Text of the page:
As executive diversity champion and chair of the Companies House equality, diversity and inclusion (EDI) steering group, it’s no surprise that I’m passionate about making sure equality and inclusivity remain at the heart of everything we do. But the commitment to ensuring fair treatment and reward for all isn’t just mine; it’s a key theme within our EDI strategy and a shared goal to deliver effective change for everyone at Companies House. As we look to celebrate this year’s International Women’s Day, it feels like a good time to reflect on one area we’re continuing to work on - our gender pay gap.
What is the gender pay gap?
The gender pay gap is the difference between the average earnings of men and women, expressed relative to men’s earnings. In April 2017, gender pay gap reporting regulations were introduced. These require all employers of 250 or more employees to publish and report specific figures about their gender pay gap each year. The idea behind the reporting was to narrow and eventually eliminate pay differences between men and women.
The gender pay gap at Companies House
As our most recent report shows, in 2021 we had a mean pay gap of 12.3% (down from 13.6% in 2020) and a median pay gap of 20.4% (same as our 2020 figure). Mean is the average in the data set, and median is the middle number in the data set.
This pay gap is largely driven by an uneven gender split by grade across our organisation. Although 4 of our 7 most senior employees are women, including our chief executive and myself as director of finance and commercial, we have a significant number of women employed in the band B (administrative officer) grade, which results in a higher proportion of female employees in our lower and lower middle quartiles. In the upper middle quartile, we have a 50/50 split of men and women, and in the upper quartile the breakdown is 40.4% female and 59.6% male.
We’ve previously researched why there’s a lack of progression to higher roles from women in our band B grade and feedback included a perception that working part-time limited opportunities for promotion, alongside a lack of confidence or a perceived unlikelihood of success preventing them from applying for a promotion. The potential loss of government-paid benefits following promotion also came through.
As a result of these findings, we’ve put a series of measures in place focusing on demonstrating that working part-time or using other flexible working patterns isn’t a barrier to progressing through the organisation. I’m proud to be a visible role model for other women, and that includes sharing my own career journey to help dispel negative perceptions. I worked part-time when my children were young but successfully progressed from a senior executive officer to a grade 6, and only went full-time when I took on my executive board role.
Our post-pandemic shift to a hybrid working model, where we’re now working both at home and in the office, is also helping to open up more opportunities, giving people even more flexibility and ultimately a better work-life balance.
Closing the gap
There’s no denying our gender pay gap, but we’re fully committed to doing as much as we can to reduce it. Over the last few years, we’ve continued to introduce positive actions and initiatives that will help us achieve this and move us closer to our overarching goal of creating a ‘culture that enables our brilliant people to flourish and drives high performance’.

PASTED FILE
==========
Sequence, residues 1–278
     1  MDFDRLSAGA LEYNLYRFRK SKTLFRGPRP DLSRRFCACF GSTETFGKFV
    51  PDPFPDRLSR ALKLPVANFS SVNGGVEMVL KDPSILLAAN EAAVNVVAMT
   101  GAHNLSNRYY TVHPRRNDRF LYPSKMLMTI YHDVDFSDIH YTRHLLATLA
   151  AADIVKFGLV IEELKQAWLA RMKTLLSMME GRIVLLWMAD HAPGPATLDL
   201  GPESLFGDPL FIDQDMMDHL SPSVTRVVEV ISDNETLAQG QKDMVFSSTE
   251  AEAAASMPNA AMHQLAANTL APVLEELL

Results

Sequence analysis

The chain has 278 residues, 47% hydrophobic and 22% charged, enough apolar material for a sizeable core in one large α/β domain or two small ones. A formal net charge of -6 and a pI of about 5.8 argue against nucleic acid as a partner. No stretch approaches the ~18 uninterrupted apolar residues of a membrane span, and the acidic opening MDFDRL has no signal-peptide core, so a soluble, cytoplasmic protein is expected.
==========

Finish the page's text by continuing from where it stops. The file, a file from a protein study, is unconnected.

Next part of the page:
Some of the positive actions we’ve taken to help close the gap include:
- reviewing and changing our policies and people practices to make them more flexible and inclusive
- offering a broad range of support for working mothers through our career break, flexible working and shared parental leave practices
- improving our recruitment processes to reduce the potential for unconscious bias
- running outreach activities to specifically recruit and retain women in our digital, data and technology profession
We also have 23 active people-led networks, including a women’s network and a working family network, and they really are making a huge difference to our organisational culture. They provide sound opportunities for self-development and for delivering improved performance and user experiences right across our organisation. They also importantly provide a safe place where differences are celebrated, new ideas are embraced, and people feel supported to do their best work and have a sense of belonging.
The gender pay gap in Companies House is complex and while there’s no quick fix, we're making progress. Over the next year, our EDI steering group will be developing a Gender Pay Gap Action Plan as we recognise that robust actions, which hold us to account, are needed to allow all our staff to feel supported and to flourish within the organisation. It’s our organisational goal to be more inclusive, more diverse and an organisation that people want to work for and we’re on a mission to get us there!
If you think you can help us achieve our goals, visit Civil Service Jobs to see the latest opportunities to join Companies House.
Comment by Steven O'Donoghue posted on
Really great to see this focus, well done!